Statewide Solid Waste and Materials Management Planning
The Commissioner of the Department of Energy & Environmental Protection (DEEP) is statutorily required in accordance with Section 22a-228 of the Connecticut General Statutes (CGS) to develop, adopt and amend a statewide solid waste management plan (SWMP). This plan is the basis to guide policy decisions regarding how the state handles solid waste reduction, reuse, recycling and disposal. Since the writing of the first plan by the State Department of Health in 1971, solid waste management has changed dramatically from mainly a state and local health issue to one that is increasingly a regional, national, and global issue. The Department has periodically updated this plan to reflect these changes and changes in markets and technology. This webpage provides links to current and former plans.
Current Comprehensive Materials Management Strategy (2016)
The Comprehensive Materials Management Strategy (CMMS) is a roadmap to achieving the state’s goal of 60 percent diversion of materials from disposal by 2024. It constitutes the revised statewide Solid Waste Management Plan called for by Public Act 14-94. Following extensive public outreach and a formal notice and comment process, the CMMS was adopted by the Commissioner in July 2016.
Statewide Solid Waste Management Plan (2006)
On December 20, 2006, the then DEP Commissioner Gina McCarthy approved amendments to the state’s Solid Waste Management Plan. The amendments were comprehensive and replaced the State Solid Waste Management Plan dated 1991. The Plan examined the state of solid waste management in Connecticut; established goals and objectives; identified problems and barriers; and outlined strategies for achieving the goals. The Plan and its updates served as the basis for solid waste management planning and decision-making for a twenty year planning horizon.
- Executive Summary and Chapters 1 through 5 (PDF)
- Appendices A through K and Acknowledgements (PDF)
- Executive Summary & Table of Recommended Strategies, December 2006 (PDF)
- Hearing Officer’s Report Dated November 8, 2006 (PDF)
- Written comments received on the Proposed Amendment to the Solid Waste Management Plan, July 2006 (PDF)
- Proposed Amendment to the Solid Waste Management Plan, July 2006 (PDF)
The Plan was developed in conjunction with a diverse stakeholder group. An initial public stakeholder forum was conducted in June of 2005, and an External Stakeholders Committee was formed consisting of stakeholders from government, regional solid waste management authorities, the solid waste management industry, the recycling sector, community and environmental organizations, and businesses/generators. The External Stakeholders Committee met regularly to advise the Department on the content of the Plan. The Department also established a State Solid Waste Management Advisory Committee to help guide implementation of the Plan.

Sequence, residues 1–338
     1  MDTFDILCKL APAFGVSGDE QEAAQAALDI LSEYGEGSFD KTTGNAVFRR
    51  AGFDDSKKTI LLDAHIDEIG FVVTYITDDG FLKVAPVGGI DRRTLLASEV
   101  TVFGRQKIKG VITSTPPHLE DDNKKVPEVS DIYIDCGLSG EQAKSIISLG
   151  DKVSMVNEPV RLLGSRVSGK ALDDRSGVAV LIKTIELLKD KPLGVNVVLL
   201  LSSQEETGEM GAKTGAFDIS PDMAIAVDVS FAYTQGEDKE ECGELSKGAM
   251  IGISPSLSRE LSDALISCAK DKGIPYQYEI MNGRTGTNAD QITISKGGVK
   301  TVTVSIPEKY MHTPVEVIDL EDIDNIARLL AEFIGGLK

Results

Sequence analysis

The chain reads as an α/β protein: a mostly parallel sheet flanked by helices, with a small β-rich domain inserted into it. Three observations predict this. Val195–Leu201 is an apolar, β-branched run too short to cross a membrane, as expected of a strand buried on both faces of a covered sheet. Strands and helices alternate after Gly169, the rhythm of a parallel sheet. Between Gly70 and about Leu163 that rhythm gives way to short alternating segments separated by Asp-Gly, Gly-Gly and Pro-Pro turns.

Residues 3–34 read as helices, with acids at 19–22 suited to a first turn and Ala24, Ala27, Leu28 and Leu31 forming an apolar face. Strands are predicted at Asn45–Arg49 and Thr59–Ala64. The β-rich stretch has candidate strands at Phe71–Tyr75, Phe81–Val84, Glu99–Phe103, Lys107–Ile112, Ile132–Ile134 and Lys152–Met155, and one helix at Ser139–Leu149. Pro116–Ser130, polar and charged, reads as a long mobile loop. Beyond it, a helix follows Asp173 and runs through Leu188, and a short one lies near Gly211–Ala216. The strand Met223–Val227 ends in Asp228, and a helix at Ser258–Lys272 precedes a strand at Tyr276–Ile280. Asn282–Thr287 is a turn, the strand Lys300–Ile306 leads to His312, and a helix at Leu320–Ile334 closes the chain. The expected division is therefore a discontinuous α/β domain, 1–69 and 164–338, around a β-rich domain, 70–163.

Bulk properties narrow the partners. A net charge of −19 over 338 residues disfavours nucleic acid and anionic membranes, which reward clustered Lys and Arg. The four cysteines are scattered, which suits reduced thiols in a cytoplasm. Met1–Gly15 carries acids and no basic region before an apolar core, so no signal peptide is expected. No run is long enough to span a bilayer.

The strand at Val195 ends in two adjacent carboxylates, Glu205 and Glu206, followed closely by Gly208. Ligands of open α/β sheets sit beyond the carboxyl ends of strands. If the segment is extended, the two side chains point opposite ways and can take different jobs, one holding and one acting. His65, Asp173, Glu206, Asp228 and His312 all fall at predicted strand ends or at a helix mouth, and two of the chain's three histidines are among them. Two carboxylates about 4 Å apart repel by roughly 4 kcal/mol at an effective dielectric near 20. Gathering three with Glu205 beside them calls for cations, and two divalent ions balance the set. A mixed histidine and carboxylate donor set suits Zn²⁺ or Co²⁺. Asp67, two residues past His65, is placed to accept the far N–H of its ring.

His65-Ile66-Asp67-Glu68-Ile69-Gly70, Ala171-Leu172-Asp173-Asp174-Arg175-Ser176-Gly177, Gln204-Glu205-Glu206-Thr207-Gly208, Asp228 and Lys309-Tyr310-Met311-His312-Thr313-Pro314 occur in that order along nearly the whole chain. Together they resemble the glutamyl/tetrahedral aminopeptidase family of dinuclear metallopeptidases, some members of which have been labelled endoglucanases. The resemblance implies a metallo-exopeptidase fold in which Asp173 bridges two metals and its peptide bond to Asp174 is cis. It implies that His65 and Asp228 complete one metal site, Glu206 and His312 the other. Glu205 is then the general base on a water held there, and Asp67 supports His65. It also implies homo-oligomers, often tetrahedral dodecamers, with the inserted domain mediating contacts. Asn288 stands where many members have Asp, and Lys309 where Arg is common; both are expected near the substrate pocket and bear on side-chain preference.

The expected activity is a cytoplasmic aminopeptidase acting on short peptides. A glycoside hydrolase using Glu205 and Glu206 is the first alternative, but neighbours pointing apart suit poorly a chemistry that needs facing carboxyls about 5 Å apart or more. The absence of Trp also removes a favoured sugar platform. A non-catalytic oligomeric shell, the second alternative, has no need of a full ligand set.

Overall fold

The extensive public participation in the development of the 2006 plan, included a public comment period, public informational meetings, and public hearings where members of the public provided comments on the Proposed Amendments to the Solid Waste Management Plan July 2006. The Hearing Officer’s Report includes: 1) a summary of how the final amendments differ from the proposed amendments and the reasons therefore, and 2) the principal considerations raised in opposition to the proposed amendments and the reasons for rejecting any such considerations.
The Plan advocates shared responsibility for changing the balance of solid waste management and calls for a reinvigoration of efforts to transform our solid waste management system from one based mostly on disposal to one based on resource management. Everyone producing solid waste, and that includes all of us, needs to be more aware of the ramifications of actions and decisions and take more responsibility for the waste produced. We need to shift away from a "throwaway society," toward a system that promotes a reduction in the generation and toxicity of the trash we produce and dispose through increased source reduction, reuse, and recycling. We must further ensure that what waste remains, will be disposed in an efficient, equitable, and environmentally protective manner.
Achieving this vision will require everyone in Connecticut, including citizens, businesses, institutions, lawmakers, and government, to make wise decisions regarding the management of our wastes. Working together we can implement real change and make a difference. The State Solid Waste Management Plan provides the foundation for the work that must be done to best manage our solid waste in a socially, economically, and environmentally responsible manner.
For further information please contact Chris Nelson at 860-424-3454.
Content Last Updated on February 10, 2020